We should be aiming to be clustered withJapan. And as Temasek’s recent results help show, we got the money. Prosperous Japan is the only country that protects its people both well and widely, according to the index. In Singapore, now richer than Japan, social protection is spread broadly but thinly, the index shows.

For the geeks:The Asian Development Bank’s newly published social-protection index shows both the breadth of coverage (the percentage of potential beneficiaries actually covered) and the depth (the amount of spending per beneficiary, expressed as a percentage of the country’s GDP per person).

PAP’s “right” politics defined

In Economy, Humour, Political governance on 09/07/2013 at 5:48 am

When TRE republished this (where I pointed out PM did not define what he meant by the “right” politics, Orang Miskin posted:

 The PAP’s definition of “right” politics:

 • Always be ready to fix the opposition

• Avoid meaningful debates, stage wayangs to fool voters

• Appoint yes-men into Parliament

• Surround yourself with sycophants, cronies and overpaid army “generals” and “admirals”

• Occasionally whack some young people to teach others a lesson, to silence or intimidate them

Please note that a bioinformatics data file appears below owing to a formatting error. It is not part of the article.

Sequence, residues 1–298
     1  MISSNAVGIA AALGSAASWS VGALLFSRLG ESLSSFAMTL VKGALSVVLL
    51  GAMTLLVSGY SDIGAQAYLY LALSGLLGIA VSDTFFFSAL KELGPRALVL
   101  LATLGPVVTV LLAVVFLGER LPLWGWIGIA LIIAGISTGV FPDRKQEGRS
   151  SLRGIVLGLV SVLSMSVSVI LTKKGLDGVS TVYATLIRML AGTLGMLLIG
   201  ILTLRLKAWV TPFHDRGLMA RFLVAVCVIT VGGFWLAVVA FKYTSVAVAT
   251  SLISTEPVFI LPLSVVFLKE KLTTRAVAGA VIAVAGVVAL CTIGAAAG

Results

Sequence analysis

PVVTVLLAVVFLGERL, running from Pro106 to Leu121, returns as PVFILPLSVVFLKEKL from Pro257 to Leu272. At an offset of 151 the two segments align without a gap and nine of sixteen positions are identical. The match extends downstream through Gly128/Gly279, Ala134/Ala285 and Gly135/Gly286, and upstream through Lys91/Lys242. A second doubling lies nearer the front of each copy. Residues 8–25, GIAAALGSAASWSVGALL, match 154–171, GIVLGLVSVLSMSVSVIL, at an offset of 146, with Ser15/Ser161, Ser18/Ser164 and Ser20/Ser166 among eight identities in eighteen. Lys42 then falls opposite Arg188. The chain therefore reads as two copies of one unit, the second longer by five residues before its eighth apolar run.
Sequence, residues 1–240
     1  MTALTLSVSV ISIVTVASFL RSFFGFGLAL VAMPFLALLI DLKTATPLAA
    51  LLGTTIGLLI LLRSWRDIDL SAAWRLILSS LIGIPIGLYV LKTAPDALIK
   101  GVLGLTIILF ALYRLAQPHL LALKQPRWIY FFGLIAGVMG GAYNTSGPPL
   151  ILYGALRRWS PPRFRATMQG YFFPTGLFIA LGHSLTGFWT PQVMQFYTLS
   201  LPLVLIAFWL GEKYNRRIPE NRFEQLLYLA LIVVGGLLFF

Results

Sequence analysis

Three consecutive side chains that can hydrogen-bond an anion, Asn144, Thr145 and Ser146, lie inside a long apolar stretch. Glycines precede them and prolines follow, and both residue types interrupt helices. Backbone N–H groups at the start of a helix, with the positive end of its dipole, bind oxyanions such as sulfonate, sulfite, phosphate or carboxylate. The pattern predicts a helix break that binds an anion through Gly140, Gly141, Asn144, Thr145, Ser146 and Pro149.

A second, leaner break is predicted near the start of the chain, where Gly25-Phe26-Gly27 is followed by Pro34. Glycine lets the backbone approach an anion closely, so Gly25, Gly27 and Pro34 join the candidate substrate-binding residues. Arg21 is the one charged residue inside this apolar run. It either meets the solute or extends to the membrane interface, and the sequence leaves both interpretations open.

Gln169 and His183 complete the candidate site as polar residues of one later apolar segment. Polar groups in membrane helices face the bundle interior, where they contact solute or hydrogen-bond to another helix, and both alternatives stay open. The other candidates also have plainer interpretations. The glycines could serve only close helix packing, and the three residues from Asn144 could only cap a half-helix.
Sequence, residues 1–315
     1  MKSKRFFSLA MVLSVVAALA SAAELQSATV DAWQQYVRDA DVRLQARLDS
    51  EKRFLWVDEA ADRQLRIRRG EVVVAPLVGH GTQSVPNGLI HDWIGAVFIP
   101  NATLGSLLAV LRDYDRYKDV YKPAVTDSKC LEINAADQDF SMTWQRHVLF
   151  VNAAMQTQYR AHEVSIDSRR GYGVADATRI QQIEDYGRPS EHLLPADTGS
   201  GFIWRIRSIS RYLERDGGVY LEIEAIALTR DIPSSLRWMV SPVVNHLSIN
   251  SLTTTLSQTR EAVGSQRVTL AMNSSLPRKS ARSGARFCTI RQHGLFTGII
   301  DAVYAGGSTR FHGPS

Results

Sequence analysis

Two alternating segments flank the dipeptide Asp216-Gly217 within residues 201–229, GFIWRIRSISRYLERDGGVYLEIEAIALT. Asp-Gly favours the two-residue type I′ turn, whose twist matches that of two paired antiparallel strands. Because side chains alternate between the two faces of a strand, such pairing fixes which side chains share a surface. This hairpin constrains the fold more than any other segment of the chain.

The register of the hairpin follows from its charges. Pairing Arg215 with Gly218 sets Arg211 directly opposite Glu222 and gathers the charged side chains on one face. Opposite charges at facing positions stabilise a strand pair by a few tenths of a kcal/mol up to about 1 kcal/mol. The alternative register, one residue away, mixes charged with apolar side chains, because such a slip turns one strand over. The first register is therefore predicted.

• Hide statistics/information from the people

• Surreptitiously flood the country with foreigners without authorisation from voters

• Abdicate state responsibility for taking care of the poor and elderly

• Let males become MPs who have not served NS

BTW, based on his other postings, I think OM is a retired SPH journalist from the old days. Glad to see another imperial storm trooper (keyboard regiment) from the Dark Side becoming Jedi, even if he is anon Jedi.

Another post read

PAP is very bad politics:

July 6, 2013 at 6:45 pm (Quote)

Under LHL PAP is (very) bad politics. Want proof? See below.

(1) low productivity of Singapore economy

(2) low birth rate which started from LKY’s “Stop at 2” policy

(3) depressed local wages

(4) failing to plan for the many foreigners it allowed into Singapore